Currently, offshore wind turbines installation is based on fixed platforms, which increase the cost of energy at greater depths. From 60-100 meters deep solutions grounded in the seabed are not economically viable. Because of the limited area available with shallow waters the future of the offshore wind market is linked to the successful development, deployment and cost reduction of floating substructures for wind turbines.
The main factor hindering market development is the current cost of floating substructures, estimated to be twice as much as existing grounded in the seabed, and driven essentially by the cost of steel.
Monolythic Floating platform for deep sea offshore wind turbines using low cost materials, which offers an affordable technical solution for the exploitation of the best wind resources, especially due to its specific focus on concrete as the main material (with a 35% of CAPEX compared to steel).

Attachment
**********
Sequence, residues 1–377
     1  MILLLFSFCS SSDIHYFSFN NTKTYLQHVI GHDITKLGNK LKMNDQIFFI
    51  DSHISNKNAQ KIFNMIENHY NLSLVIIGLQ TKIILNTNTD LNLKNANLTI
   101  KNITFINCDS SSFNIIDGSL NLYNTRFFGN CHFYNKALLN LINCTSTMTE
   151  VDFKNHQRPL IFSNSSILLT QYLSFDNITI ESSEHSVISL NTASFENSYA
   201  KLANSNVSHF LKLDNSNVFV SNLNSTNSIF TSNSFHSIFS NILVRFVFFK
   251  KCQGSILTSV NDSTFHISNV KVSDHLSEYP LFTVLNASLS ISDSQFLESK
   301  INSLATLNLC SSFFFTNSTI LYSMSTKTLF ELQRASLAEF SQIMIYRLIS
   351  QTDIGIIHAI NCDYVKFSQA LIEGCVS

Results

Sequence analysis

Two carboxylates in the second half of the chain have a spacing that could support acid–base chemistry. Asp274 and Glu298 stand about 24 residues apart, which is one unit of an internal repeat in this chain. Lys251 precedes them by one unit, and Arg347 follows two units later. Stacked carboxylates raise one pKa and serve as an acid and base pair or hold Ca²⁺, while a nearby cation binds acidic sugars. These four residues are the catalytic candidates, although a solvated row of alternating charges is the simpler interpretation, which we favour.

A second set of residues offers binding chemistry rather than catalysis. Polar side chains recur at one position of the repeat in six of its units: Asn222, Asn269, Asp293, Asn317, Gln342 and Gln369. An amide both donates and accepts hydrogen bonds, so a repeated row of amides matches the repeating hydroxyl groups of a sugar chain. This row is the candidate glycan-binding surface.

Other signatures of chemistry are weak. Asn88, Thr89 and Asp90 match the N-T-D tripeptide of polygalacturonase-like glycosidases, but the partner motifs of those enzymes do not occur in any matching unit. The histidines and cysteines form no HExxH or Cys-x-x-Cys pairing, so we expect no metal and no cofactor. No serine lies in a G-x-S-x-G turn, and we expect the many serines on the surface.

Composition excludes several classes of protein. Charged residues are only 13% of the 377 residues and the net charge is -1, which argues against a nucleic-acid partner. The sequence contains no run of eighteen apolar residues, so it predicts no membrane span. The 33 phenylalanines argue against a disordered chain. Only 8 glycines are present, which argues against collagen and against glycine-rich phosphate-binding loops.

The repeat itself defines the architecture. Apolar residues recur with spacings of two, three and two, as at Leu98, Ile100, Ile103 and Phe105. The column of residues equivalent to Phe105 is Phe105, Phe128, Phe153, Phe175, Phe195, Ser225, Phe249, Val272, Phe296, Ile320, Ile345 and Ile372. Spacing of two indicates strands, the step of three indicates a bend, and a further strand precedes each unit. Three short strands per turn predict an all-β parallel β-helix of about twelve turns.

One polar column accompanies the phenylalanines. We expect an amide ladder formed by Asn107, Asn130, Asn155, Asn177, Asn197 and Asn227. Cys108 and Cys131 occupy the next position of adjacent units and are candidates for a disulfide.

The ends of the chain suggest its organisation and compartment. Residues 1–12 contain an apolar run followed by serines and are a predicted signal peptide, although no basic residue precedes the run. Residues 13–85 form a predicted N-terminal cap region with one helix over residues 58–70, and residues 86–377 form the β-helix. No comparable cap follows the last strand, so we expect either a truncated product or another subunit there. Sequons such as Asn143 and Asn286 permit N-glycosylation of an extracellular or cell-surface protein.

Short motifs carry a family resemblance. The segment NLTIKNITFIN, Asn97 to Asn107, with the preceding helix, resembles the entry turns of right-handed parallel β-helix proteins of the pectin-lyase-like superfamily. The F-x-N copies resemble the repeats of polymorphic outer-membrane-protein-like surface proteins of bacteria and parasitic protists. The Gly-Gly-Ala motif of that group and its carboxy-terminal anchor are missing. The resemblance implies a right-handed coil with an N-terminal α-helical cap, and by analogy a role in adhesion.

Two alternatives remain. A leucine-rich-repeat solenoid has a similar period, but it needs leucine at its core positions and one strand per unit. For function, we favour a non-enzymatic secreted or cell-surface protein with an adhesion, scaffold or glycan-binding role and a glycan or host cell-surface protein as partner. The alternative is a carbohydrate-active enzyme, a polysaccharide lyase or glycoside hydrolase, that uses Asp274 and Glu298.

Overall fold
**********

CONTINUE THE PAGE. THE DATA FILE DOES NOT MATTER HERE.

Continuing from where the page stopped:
To prevent cracking and fatigue in the marine environment, the structure is
completely post-tensioned with steel tendons in a longitudinal direction. The ballast makes use of black slag, a by-product of electrical furnaces, to reduce costs and its environmental footprint.
In addition, the design service life of the concrete structure is 50 or more years with almost no maintenance, whereas the steel one is expected to last 20 years or less, with significant maintenance costs. CAPEX and OPEX reductions produce a significantly lower Levelised Cost of Energy (LCOE).